Sarasota Herald Tribune, Feb. 4, 2003
By JAMIE MANFUSO
PORT CHARLOTTE — An evangelist told a church congregation here Sunday that the holy book of Islam instructs followers to kill nonbelievers.
Moody Adams upset some area Muslims and left them feeling misunderstood after the all-day conference on terrorism at First Baptist Church.
Speaking to an estimated 1,600 people during four sessions, which included the church’s two regular Sunday services, the 71-year-old Adams drew a picture of Islam in stark contrast to the peace-loving image that the local Muslim community has encouraged since the Sept. 11 terrorist attacks.
“I believe in being nice to the (Muslim) people,” said Adams, reached Monday at his Baton Rouge, La., home. “I hate this book (the Koran). I believe it is a barbaric book. I believe it is the cause of these little children killing themselves, the Palestinians.”
Adams, also an author, has published a “Koran with commentary” that identifies commands that he believes encourage the killing of nonbelievers, or “infidels.” He cites other passages that promise eternal bliss for martyrs.
On Monday he quoted the following passage from the Koran: “When you encounter the infidels, strike off their heads until you have made a great slaughter and the rest make fast with fetters.”
He said, however, that many American Muslims are peace-loving, and either don’t understand what the Koran is really about or choose not to follow it.
Perhaps 20 Muslims, as well as members of the local Peace Coalition, listened to Adams’ lecture Sunday. The coalition has opposed the push for war against Iraq.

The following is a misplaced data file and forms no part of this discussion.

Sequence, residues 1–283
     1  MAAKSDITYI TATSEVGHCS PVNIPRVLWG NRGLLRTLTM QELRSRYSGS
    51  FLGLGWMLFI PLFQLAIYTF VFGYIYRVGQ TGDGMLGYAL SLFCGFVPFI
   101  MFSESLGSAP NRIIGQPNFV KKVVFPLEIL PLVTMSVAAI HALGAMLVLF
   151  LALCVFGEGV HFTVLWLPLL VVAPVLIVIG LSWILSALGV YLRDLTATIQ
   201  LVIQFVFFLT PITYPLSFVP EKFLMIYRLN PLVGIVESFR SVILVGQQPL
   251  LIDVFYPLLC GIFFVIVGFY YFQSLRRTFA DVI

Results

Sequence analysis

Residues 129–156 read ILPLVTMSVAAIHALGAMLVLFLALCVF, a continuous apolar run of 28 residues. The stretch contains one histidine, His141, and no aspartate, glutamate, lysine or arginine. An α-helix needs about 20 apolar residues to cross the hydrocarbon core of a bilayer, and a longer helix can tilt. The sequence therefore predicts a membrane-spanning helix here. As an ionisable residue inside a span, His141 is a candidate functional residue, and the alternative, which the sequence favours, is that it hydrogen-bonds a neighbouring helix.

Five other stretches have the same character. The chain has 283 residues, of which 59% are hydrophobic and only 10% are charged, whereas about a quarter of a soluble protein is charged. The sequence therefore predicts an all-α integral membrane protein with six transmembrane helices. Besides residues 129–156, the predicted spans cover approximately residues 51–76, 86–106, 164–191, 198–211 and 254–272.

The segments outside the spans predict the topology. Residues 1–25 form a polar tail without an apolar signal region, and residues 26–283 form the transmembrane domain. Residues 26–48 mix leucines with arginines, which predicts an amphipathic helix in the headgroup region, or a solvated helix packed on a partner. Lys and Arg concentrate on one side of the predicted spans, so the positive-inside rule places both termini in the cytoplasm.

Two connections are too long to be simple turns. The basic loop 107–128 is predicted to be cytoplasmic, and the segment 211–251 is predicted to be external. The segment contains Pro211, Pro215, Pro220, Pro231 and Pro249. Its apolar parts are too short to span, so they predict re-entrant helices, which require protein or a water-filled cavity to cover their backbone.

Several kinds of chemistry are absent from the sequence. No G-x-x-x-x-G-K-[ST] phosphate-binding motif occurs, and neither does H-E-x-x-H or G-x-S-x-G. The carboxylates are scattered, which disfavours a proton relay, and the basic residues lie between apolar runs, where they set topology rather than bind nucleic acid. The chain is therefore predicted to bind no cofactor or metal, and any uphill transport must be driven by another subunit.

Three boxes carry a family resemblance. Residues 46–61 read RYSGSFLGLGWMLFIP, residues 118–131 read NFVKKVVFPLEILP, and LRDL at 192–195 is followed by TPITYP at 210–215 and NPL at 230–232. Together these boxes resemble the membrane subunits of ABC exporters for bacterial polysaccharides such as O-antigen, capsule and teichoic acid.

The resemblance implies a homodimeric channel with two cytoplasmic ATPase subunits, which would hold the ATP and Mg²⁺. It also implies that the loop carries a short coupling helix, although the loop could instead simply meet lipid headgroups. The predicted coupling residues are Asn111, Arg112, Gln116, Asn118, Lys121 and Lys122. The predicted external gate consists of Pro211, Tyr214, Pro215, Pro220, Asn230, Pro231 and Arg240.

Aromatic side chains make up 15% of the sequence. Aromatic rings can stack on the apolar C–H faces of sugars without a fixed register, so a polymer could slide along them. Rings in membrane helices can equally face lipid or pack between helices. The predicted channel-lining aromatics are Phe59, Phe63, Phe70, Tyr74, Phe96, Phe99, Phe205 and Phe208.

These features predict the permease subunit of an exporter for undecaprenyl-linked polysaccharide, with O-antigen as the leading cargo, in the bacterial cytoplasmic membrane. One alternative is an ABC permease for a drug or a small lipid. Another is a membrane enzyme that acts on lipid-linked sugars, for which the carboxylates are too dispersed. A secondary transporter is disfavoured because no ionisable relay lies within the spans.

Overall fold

Hasan Hammami, a Muslim from Port Charlotte, referred to the event as Islam-bashing day.
“It doesn’t take much fear-mongering like this to whip people up into a frenzy,” Hammami said Monday. “I don’t feel safer. I feel less safe than I felt the day before yesterday.”
First Baptist didn’t invite the Muslim community to the series of services, but they were open to the public.
Pastor James Kibelbek said he scheduled Adams as a speaker several months ago. Adams, who said he gives about 300 lectures a year, has spoken in the county on several other occasions about different topics.
Kibelbek said he didn’t know the specifics of Adams’ talk beforehand, but doesn’t regret having invited the guest lecturer.
“According to what we read in the Koran, there’s a lot of hate against Jews, a lot of hate against Christians.”
Kathy Lyden, a Port Charlotte Muslim, said Adams and others take passages from the Koran out of their proper historical and social context.
She said the word “infidels” does not refer to Christians and Jews.
“It’s referring to the Arab pagans that were persecuting the Muslims,” she said.
Lyden said she was moved to tears at the conference.
“This is the same kind of stuff that sets people up for persecution,” she said.
The Islamic Community of Southwest Florida was a victim of vandalism after the Sept. 11 terrorist attacks. Vandals set fire to a roadside planter at the center on Harborview Road in Port Charlotte and stole an American flag.
After the attacks and the vandalism, the center’s members invited non-Muslims to Ramadan feasts, spoke at churches and participated in interfaith groups.
Kevin Massey, a minister at First Baptist, said Adams’ message was directed more toward Islam on an international level, and not at local Muslims. He said he can separate the people from the religious text.
But Jan O’Rourke, a peace activist who attended the conference, didn’t see it that way.
“You just can’t pick up their holy book and call it the word of Satan,” she said.
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